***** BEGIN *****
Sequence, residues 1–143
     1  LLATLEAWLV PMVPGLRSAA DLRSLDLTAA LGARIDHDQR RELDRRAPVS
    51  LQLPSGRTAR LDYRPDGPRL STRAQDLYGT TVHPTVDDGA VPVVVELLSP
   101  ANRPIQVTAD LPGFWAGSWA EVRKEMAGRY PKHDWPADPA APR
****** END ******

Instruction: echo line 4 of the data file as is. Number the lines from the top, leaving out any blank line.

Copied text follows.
   101  ANRPIQVTAD LPGFWAGSWA EVRKEMAGRY PKHDWPADPA APR